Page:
Dog-friendly UK – where dogs are welcome
May 21, 2021
Today’s dog owners – and their dogs – have never had it as good. Almost one quarter (24%) of adults in the UK share their life with a dog, and a growing number of businesses have recognised the need to cater for their four-legged as well as their two-legged clientele. From dog-friendly shops and cafes to dog-friendly hotels, restaurants and cinemas, dogs are welcome in more places than ever before. Here’s our round-up on getting out and about in dog-friendly UK.
Many big names on the high street welcome dogs in their shops. This includes John Lewis, the Apple store, Cath Kidston, Harrods, Lush and Selfridges (in limited departments).
This list is likely to be much longer, as being ‘dog-friendly’ is a personal rather than legal decision. Contrary to belief, there is no law that prevents dogs from entering shops, banks or local businesses; so it very much depends on whether the shop owner or branch manager is happy to allow dogs. Why not ask? You may be pleasantly surprised. If the answer’s no, this could be for a variety of reasons; for example, consideration for people with dog allergies or the space is not compatible with enthusiastic wagging tails.
Dog-friendly coffee shops
Lots of smaller coffee shops allow dogs without question – and many serve up dog biscuits to keep the canine visitors happy while their owners enjoy coffee. But this doesn’t always seem to be the case for the larger chains of coffee shops. Some local branches allow dogs, others don’t. As with shops, it’s up to the owner or manager to decide if dogs are welcome. There is no law preventing dogs from entering coffee shops or restaurants provided there is no risk of contamination to food.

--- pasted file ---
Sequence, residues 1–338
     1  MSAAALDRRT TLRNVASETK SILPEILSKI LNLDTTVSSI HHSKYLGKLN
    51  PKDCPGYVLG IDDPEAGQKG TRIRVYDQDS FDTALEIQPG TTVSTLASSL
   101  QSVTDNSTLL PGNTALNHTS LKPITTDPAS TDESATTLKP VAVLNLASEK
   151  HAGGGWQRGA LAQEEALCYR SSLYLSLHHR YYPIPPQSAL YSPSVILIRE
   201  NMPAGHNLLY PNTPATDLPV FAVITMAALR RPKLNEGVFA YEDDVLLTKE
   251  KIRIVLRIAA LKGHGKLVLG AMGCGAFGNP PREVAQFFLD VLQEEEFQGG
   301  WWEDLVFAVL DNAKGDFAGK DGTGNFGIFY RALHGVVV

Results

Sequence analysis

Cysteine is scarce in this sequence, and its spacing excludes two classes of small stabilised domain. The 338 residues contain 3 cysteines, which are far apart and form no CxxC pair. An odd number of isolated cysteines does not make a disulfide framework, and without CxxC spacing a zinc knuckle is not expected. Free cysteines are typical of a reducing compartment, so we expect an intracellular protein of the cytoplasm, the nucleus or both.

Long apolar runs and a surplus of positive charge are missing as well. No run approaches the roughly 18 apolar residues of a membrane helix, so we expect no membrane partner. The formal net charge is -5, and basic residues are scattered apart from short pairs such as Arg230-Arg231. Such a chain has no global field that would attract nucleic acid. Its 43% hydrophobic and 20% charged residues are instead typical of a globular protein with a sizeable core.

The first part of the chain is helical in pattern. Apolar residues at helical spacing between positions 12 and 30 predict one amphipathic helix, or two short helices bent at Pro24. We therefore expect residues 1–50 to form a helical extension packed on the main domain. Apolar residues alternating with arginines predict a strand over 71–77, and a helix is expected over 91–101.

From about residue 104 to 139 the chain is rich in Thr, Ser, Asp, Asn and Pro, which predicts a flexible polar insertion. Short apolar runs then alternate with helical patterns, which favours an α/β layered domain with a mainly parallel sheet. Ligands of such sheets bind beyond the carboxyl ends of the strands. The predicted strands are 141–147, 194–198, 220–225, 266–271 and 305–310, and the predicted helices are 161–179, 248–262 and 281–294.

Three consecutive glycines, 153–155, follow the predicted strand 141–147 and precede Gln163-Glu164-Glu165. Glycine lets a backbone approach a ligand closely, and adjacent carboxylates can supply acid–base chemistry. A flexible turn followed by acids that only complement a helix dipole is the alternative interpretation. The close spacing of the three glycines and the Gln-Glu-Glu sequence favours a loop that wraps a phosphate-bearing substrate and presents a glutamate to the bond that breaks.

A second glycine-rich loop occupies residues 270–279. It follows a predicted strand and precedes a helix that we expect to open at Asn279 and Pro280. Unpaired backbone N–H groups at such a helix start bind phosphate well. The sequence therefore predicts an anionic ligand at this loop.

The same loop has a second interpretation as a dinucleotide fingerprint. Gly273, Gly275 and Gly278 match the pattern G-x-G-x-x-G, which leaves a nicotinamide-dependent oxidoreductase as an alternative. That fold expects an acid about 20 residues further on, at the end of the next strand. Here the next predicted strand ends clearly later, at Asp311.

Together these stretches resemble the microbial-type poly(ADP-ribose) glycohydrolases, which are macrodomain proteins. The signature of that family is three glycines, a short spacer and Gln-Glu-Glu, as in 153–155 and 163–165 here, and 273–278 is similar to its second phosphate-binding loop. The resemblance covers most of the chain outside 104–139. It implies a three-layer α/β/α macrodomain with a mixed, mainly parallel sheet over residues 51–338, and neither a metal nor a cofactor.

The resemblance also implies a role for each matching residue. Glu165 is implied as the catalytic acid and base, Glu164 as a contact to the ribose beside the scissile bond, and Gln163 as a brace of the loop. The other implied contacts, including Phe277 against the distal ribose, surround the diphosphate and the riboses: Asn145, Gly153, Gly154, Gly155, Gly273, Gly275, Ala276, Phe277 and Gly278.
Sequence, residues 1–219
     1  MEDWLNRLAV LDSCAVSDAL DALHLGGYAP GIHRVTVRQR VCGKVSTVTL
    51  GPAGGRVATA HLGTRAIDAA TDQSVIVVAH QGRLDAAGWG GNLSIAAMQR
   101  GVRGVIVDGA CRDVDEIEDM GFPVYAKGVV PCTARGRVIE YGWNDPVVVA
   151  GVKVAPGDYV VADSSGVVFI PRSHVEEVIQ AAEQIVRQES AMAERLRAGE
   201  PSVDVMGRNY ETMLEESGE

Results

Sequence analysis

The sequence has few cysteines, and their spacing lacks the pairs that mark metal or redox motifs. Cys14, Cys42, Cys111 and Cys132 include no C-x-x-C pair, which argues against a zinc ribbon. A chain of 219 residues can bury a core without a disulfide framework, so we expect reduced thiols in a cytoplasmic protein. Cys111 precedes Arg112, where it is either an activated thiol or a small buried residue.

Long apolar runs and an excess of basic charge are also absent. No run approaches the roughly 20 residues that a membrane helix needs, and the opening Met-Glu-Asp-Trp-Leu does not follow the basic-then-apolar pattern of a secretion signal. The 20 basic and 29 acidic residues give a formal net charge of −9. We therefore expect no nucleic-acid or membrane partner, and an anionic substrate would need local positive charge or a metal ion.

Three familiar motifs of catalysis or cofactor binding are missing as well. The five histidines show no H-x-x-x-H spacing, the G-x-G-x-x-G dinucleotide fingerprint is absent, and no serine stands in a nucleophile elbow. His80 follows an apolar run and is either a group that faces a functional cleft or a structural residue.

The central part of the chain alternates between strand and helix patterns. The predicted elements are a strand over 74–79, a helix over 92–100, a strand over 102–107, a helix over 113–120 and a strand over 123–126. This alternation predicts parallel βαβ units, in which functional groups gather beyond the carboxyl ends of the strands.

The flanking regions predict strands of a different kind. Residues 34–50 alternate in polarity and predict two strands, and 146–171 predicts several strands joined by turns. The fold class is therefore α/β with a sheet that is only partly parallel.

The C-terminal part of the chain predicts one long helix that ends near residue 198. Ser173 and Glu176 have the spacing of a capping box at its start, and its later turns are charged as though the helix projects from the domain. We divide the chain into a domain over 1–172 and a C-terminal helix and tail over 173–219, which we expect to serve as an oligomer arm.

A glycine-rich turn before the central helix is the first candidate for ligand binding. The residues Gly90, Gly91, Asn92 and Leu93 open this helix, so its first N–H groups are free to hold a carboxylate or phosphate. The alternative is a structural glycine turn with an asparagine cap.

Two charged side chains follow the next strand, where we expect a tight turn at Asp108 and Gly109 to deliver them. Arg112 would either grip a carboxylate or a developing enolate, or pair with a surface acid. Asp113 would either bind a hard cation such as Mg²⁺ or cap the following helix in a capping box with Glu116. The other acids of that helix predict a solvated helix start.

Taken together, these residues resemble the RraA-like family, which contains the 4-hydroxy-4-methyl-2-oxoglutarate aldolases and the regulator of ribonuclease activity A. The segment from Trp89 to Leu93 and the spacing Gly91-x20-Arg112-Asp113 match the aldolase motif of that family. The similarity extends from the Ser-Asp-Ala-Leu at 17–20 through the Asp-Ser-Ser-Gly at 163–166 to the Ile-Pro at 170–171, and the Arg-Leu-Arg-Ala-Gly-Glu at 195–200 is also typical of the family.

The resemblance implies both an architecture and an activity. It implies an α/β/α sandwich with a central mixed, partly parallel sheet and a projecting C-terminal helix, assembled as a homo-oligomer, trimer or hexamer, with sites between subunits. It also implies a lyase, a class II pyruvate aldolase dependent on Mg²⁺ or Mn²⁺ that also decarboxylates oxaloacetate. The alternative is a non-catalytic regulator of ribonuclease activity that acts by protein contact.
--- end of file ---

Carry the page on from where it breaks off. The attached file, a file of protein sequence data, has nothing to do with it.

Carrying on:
Dog-friendly pubs and restaurants
Many pubs have long-welcomed dogs into their bars but not always in their restaurants. That’s all changed in recent years, and dogs are now welcome to join you while you dine in many places – from country pubs and seaside cafes to exclusive London restaurants.
Who’d have thought that you would be able to take your dog to the cinema! Well the good news is that, if you have a Picturehouse cinema near you, you can. Keep an eye out for their dog-friendly screenings. These take place ruff-ly once a month, usually on a Sunday morning; complete with special drinks and snacks for the dogs (we assume it’s popcorn for the owners).
Taking dogs on holiday
If you’re planning a staycation, there’s plenty of options for taking your dog with you.
Camping is such a great experience for all the family – including the dog. The good news is that many campsites in the UK welcome well-behaved dogs provided they are kept on a lead. Pack plenty of poo bags – no one wants to be walking dog poo into a tent! And don’t forget that the great British weather is somewhat unpredictable so pack plenty of towels to wipe muddy paws.
There’s plenty of choice for dog-friendly cottages and holiday homes in the UK. Use the pet-friendly search facility on AirBnB to find dog-friendly holiday accommodation. Alternatively, you can use a website such Canine Cottages which specifically caters for a dog-owning clientele.
A search on Trip Advisor returns hundreds of hotels marked as pet-friendly – these range from budget hotels to more exclusive country houses and city hotels. Read the reviews from other guests to find the best place to stay for you and your dog.